But a sneakier sign of a bad framing is an endless debate. Two or more parties keep on arguing that their conclusions are right and the others' are wrong. This one is trickier to solve from the inside, because each side of the debate might be very convinced of their logic—there isn't much confusion involved, nor clear new evidence to puzzle you too much.

An example of a long-running debate is that of nature vs nurture: are human behaviors and traits due more to genes or to the environment?

Another one is the quest for a perfect scientific definition of "life": how do you decide if something is alive or not?

Or the debate about liberalism and conservatism: should the government dictate certain things or leave them up to the people?

Or free will vs determinism, or what constitutes "art", or "why does it feel like something to be conscious?", and so on with all the famous debates even now raging in all areas of knowledge. Such chronic disputes tend to happen especially in the softer sciences, or on topics for which clear, tangible evidence is scarce.

All of these debates have not been resolved even after decades or centuries of deep thinking and dialog between (sometimes) intelligent people. And most will never be resolved, because the people involved have different purposes in mind, and have sharpened their framings for those separate goals. Given that your opponents have agendas different from yours, of course the framings they propose will be "bad" for you.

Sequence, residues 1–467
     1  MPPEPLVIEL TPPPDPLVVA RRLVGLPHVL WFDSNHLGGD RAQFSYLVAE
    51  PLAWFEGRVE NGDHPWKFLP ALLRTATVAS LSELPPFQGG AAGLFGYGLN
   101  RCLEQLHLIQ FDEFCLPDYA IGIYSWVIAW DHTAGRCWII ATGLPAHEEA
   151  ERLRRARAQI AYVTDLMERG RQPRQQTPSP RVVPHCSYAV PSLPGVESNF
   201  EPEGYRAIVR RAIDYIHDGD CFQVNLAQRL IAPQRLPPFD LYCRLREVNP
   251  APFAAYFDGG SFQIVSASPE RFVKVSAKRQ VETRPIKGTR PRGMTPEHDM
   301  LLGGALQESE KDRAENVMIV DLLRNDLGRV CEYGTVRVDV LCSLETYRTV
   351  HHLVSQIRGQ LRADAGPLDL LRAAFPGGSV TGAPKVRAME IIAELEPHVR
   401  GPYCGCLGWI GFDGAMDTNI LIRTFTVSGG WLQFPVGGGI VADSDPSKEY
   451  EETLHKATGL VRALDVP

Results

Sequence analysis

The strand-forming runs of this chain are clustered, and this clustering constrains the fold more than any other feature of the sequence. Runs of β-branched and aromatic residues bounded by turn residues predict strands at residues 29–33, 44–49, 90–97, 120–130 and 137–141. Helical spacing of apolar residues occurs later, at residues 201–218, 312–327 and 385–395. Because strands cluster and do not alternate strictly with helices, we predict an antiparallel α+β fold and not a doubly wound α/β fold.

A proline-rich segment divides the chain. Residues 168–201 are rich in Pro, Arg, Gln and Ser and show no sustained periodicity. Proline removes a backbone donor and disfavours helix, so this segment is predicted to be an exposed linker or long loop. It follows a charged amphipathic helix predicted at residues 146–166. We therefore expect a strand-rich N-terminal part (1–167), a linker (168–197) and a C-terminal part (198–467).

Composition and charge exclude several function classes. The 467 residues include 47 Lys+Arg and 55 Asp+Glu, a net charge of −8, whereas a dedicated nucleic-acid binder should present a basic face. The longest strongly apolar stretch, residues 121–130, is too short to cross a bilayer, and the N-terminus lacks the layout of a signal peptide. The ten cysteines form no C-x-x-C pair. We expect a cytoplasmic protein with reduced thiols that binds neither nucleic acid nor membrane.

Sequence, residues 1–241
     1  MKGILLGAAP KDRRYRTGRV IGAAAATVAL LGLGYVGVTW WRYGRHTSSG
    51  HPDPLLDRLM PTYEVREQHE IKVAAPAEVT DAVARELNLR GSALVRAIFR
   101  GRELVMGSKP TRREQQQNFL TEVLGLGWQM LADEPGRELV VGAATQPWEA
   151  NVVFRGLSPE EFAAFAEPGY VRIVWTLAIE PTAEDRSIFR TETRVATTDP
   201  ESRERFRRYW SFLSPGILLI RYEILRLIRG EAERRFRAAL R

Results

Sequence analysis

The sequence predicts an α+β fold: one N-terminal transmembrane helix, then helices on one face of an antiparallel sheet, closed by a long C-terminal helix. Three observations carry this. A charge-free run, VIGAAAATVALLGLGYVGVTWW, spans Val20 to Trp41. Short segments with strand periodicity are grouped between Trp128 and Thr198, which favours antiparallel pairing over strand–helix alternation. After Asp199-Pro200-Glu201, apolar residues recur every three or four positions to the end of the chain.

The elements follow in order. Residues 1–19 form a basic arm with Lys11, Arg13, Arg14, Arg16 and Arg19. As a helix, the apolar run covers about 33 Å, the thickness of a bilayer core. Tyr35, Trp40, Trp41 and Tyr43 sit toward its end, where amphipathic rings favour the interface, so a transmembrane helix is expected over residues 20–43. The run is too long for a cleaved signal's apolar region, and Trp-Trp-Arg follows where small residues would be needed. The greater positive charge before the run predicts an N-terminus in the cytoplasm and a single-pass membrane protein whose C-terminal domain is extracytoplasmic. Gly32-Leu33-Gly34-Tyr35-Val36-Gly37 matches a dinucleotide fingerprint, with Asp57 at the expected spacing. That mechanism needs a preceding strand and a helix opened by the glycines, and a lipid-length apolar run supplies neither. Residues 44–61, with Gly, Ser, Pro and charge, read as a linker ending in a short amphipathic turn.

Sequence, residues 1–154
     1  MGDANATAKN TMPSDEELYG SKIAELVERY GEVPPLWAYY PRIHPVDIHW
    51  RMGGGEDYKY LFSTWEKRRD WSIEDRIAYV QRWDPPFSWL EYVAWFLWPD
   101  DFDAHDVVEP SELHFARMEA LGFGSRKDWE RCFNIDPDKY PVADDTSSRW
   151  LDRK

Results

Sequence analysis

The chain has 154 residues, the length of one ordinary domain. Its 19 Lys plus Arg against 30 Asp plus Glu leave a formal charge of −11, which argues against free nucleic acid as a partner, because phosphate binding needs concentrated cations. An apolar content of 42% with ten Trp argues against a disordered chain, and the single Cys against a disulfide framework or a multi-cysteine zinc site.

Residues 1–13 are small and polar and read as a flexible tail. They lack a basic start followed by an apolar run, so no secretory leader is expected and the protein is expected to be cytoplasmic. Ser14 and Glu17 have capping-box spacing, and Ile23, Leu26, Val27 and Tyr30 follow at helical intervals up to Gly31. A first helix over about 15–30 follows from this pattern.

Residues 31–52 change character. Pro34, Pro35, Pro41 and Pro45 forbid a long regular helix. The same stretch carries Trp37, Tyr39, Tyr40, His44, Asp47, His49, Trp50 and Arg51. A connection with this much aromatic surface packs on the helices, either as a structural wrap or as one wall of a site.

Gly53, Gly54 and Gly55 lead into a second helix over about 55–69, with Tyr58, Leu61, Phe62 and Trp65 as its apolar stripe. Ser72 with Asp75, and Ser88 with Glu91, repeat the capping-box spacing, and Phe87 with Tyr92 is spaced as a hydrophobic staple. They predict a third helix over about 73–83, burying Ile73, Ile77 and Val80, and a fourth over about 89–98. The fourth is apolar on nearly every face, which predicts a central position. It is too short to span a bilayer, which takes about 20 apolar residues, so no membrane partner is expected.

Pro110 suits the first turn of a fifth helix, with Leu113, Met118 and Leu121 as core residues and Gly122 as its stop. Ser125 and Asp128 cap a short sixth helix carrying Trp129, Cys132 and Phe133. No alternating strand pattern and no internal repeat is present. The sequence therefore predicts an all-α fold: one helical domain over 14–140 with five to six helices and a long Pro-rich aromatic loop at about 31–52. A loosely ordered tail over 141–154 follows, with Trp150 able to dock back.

The sneaky part is that each side employs the same words to refer to boundaries that were drawn differently. The framings they use, as they stand, are incompatible, but the people involved do not (or refuse to) see that, engrossed as they are in explaining their flawless models build on top of those incompatible foundations.

The way you define, say, "intelligence" will have different uses for a roboticist, a zoologist, and a SETI researcher. Why would a single definition be guaranteed to exist?

Some may argue that all debaters have the shared goal of getting to the truth. The catch is that the way they define "truth"—another choice of boundaries—is itself relative. I don't think it's a cynical take to say that people never really need pure Truth, for its own sake, but something more practical, like a theory that predicts certain things well, or answers to certain questions of personal interest, or money, influence, and all the other worldly desires.

But even if everyone agreed on seeking an ultimate truth, the fact that people can't reach it even after spending eons in reasoned arguments smells of bad framing again.

Cases of sneaky bad framings aren't that hard to spot from the outside, precisely because both sides go on forever without being able to reconcile their views with each other even a little. That's the tell-tale sign, the hint that they should stop discussing their arguments and begin discussing what each faction is trying to achieve—what they really mean when they use those words that they take for granted. Without first aligning on that, no progress can be expected in a debate. Rationality fails at the edges. ●

Cover image:

Komposition (1930), Otto Freundlich